- the Court of Appeal decision had been described as limiting the application of the ex turpi causa principle to ‘one-man’ companies. The Lords’ majority make it clear that it may apply in situations involving more than one director or shareholder, as long as all are complicit in the fraud (including by way of reckless indifference). This may include circumstances in which other directors or shareholders are subservient to a dominant personality; and where there are two or more individual directors and shareholders acting closely in concert
- it appears that their Lordships were not persuaded that ex turpi causa would defeat a claim by a company against its auditors in circumstances in which there were “innocent” directors and shareholders – but that was not the situation in this case
- caution should be adopted in seeking to establish general propositions from this case of wider application to different sets of facts. In concluding that it was in his judgment appropriate for summary disposal, Lord Walker noted that it was “...a rare and extreme case...”.
majority (Lords Phillips, Walker and Brown) differed in their reasoning as to why the “blunt instrument” of ex turpi causa should not be overridden. Lord Walker and Lord Brown agreed that the principle in Hampshire Land (that it would be “unjust to its innocent participators (honest directors who were deceived, and shareholders who were cheated)” to fix a company with its directors’ fraudulent intention) did not apply where there were no honest directors or shareholders and “ex hypothesi no innocent participator”. They also agreed with the submissions made by Jonathan Sumption QC in the Court of Appeal as to why ex turpi causa is not trumped by “the very thing” argument.
Lord Phillips, however, giving the lead judgment, preferred to analyse the issue in terms of the scope of an auditor’s duty of care – i.e., not whether the fraud should be attributed to the Company but whether ex turpi causa should defeat the Company’s claim for breach of the auditor’s duty, which “in turn depends, or may depend, critically on whether the scope of the auditor’s duty extends to protecting those for whose benefit the claim is brought”. In this case, the ultimate beneficiary of a successful claim would be those that the company defrauded, the banks. It was clear that Lord Phillips saw no prospect of (or did not wish himself to contemplate) an expansion of the present law so as to extend the duty of care owed by auditors for the benefit of those that a company might defraud. He concluded that all whose interests formed the subject of any duty of care owed by the Firm to the Company in this case, namely the Company’s sole will and mind and beneficial owner Mr Stojevic, were party to the illegal conduct that formed the basis of the company’s claim and it was on this basis that ex turpi causa provided a defence.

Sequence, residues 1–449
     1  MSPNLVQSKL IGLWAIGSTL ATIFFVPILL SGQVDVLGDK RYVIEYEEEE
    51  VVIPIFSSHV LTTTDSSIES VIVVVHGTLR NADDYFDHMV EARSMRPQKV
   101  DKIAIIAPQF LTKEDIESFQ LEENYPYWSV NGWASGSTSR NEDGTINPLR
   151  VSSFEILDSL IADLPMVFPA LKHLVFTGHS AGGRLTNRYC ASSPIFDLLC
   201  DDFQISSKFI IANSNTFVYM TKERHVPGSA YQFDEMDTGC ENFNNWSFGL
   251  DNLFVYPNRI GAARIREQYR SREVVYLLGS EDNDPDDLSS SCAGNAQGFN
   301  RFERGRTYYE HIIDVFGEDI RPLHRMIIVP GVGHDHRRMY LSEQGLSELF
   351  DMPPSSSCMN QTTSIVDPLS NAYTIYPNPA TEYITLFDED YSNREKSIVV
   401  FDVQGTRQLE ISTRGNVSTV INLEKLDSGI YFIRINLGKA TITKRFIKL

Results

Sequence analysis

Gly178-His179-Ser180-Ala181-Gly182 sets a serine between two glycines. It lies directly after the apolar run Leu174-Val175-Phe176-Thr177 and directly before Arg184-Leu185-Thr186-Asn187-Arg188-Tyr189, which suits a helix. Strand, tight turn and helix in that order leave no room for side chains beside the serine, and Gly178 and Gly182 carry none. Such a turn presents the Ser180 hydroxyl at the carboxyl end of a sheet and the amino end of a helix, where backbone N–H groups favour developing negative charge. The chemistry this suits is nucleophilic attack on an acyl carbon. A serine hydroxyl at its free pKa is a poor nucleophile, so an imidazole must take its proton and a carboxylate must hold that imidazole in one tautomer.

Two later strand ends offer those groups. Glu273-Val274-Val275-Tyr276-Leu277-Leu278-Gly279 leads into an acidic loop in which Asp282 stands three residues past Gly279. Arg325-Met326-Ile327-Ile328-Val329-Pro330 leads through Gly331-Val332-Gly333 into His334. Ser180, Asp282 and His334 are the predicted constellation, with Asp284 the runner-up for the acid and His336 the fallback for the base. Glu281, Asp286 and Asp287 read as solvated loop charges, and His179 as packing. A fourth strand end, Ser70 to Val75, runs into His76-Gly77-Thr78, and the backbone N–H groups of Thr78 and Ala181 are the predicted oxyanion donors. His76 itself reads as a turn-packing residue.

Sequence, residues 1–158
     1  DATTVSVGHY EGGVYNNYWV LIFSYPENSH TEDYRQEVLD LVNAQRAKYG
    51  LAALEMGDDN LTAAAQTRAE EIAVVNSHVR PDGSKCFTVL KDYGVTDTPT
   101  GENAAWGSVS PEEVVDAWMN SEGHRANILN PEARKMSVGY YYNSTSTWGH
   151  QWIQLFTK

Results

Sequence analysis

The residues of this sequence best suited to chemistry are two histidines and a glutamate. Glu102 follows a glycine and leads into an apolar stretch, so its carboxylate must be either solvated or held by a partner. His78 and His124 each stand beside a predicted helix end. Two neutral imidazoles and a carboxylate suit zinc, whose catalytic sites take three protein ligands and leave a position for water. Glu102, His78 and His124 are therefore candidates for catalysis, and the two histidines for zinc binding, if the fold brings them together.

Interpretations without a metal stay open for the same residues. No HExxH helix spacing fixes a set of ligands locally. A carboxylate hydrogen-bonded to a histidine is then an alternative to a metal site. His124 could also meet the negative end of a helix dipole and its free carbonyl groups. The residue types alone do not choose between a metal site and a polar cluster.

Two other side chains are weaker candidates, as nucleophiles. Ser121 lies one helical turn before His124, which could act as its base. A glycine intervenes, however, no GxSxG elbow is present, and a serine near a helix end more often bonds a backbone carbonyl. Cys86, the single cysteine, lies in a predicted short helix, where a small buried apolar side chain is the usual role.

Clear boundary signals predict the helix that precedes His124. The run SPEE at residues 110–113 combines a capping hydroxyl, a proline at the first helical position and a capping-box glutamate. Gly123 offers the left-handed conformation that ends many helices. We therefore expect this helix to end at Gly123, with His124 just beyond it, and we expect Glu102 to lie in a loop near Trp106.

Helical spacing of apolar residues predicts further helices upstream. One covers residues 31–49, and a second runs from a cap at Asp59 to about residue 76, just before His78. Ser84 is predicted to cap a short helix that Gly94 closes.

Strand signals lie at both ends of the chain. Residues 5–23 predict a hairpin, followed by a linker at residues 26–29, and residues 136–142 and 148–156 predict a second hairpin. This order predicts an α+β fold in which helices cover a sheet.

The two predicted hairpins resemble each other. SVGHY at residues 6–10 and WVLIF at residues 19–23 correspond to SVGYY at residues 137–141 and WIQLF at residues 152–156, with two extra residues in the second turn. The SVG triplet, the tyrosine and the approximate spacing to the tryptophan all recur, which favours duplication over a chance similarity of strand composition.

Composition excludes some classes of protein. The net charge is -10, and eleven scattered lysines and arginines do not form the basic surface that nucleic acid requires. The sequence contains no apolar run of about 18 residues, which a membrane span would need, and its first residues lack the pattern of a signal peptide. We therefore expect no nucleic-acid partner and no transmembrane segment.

The Dissenting Judgments
In contrast to Lord Phillips, the dissenting judgments of Lord Mance and Lord Scott postulate that a duty is owed by auditors (as officers of the company) for the benefit of innocent creditors in the case of a company that is insolvent or threatened with insolvency and that ex turpi causa should not defeat a claim brought for their benefit. There is a lack of clarity in the judgments as to whether this would amount to a departure from or at least an extension to the long established principles laid down by the House of Lords in Caparo Industries v Dickman  2 AC 603. That case established that the duties of an auditor are owed to the company in the interests of its shareholders as a body. No duty is owed directly to individual shareholders (because the shareholders’ interests as a whole are protected by the duty owed to the company), and no duty is owed to creditors.
Lord Mance in particular was clearly influenced by policy considerations around some of the high profile frauds discovered in the current financial crisis. He points out that many large financial enterprises are run by one person and states that these are the very companies which auditors should be the most vigilant to protect. Referring, earlier in his Judgment, to auditors as watchdogs if not bloodhounds, he concludes that the decision of the majority of the Law Lords “will weaken the value of an audit and diminish auditors’ exposure in relation to precisely those companies most vulnerable to management fraud”.
The decision of the House of Lords and the judgments of the majority are obviously helpful to auditors. Whilst its application is clearly fact sensitive and will depend on the degree to which, in any given case, it is established that those responsible for the perpetrated fraud effectively amount to the “sole directing mind and will of the Company involved”, its effect is not limited to so called ‘one man’ companies, so long as all those involved are complicit in the fraud and there are no “innocent participators”. It is important to note that the case does not interfere with the principles of attribution derived from Hampshire Land whereby the intention of a dishonest agent who is not the directing mind and will of a company will not generally be attributed to it for the purposes of claims against others or so as to prevent indemnification of the innocent parties.
The claim in this case was one of the first significant claims to use commercial third party funding. It will be interesting to see if the result discourages similar claims or whether the absence of conformity of reasoning on the part of the majority, combined with powerfully expressed dissenting judgments and their emphasis on wider public policy factors, will instead encourage potential claimants and their backers in the current environment still to bring claims.